An instructor without tenure would never dare introduce such controversial topics in a classroom for fear of having their job threatened by student complains or being hauled before an administrative kangaroo court. Let’s say that a Christian student felt threatened by such a discussion. Rather than consider this an opportunity to strengthen his faith by subjecting it to the scrutiny of a well-informed interlocutor, he let emotions take over. He then called for the ouster of such an atheist professor because his feelings were hurt. This is called a politics of personal testimony, in which emotions are the essential and even exclusive means of understanding complex social issues. Stage-acting forms of goodness through empty gestures are more significant than using ideas to craft an argument.
What this means for university instructors is that you have to prepare to lose your job if you value the intellectual growth of your students more than protecting them from bad feelings. If you really want to challenge students’ beliefs and engage them with controversial ideas, a few bad evaluations could eliminate your chances of getting tenure. A few complaints could get you fired.
This is not a left-right political issue but one that threatens all professors equally. In February Northwestern film professor and liberal cultural critic Laura Kipnis criticized campus codes that prevented relationships between professors and students. Due to a column she wrote in the Chronicle of Higher Education, she became the subject of an investigation – what she called an Inquisition – due to a graduate student complaint that she violated Title IX, the federal law that prohibits sex discrimination in education. The greatest irony of this episode was that the complaint came against her remarks that Title IX was being interpreted so broadly that even remarks perceived as insensitive to rape was a chargeable offense. The complaint about her criticism of Title IX was filed under Title IX. She was not allowed to have an attorney present with her during her interview with investigators.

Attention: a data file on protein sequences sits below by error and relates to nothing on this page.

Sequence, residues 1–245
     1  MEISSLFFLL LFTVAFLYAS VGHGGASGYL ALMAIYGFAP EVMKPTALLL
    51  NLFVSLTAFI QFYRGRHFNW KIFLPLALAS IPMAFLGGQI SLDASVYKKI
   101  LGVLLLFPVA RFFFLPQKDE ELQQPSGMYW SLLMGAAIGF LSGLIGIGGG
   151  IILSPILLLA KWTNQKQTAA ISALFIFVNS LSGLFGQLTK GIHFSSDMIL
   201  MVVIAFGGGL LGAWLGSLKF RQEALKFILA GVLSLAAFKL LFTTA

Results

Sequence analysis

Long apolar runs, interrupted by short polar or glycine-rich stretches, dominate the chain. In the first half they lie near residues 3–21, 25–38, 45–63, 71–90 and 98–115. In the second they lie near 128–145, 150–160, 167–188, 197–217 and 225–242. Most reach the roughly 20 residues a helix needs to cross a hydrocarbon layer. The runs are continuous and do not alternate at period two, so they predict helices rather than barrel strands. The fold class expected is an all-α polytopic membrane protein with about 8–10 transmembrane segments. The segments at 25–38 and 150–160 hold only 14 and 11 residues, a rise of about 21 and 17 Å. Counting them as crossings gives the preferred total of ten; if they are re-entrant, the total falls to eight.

John McAdams was dismissed from Marquette University for expressing negative views against a graduate instructor on a blog post. He criticized her for shutting down a classroom debate when an undergraduate student voiced disagreement with same-sex marriage and did not reveal that he recorded his conversation with the graduate instructor.
Not even tenured professors are safe. Last month Louisiana State University fired Teresa Buchanan for “creating a hostile work environment.” Universities tossed her out the door for the crime of using profanity. What kind? She said “F*** no” along with off-color jokes to students about sexuality. For this she was subject to an 11-hour hearing and officially censured. Then administrators fired her.
As an academic, I’m shocked by this. Not by the fickleness of administrator. I’ve argued elsewhere that administrators are the primary reason universities are so overpriced. I am shocked that if profanity is now a fireable offense then every academic hasn’t already lost their job. Academia produces more profanity than any other profession, save theatre or the restaurant industry. Anyone who hasn’t heard a professor swear during a lecture has never been to a lecture. Furthermore, the idea that any American aged 18-22 has never been exposed to profanity is incomprehensible, sans growing up unaware that they are living in a constructed reality TV show like the Truman Show.
The bottom line is that if you ever want to present challenging ideas to students, you need to be prepared to lose your job. You can have job security or a commitment to open inquiry, but not both. You cannot discuss controversial ideas without threatening a reaction from overzealous social justice warriors or Kafkaesque administrators. If you value job security above all else, it means pleasing the ever-changing whims of your most sensitive and emotional students.
And it means making sure there is plenty of Play-Doh and security blankets for your university safe spaces.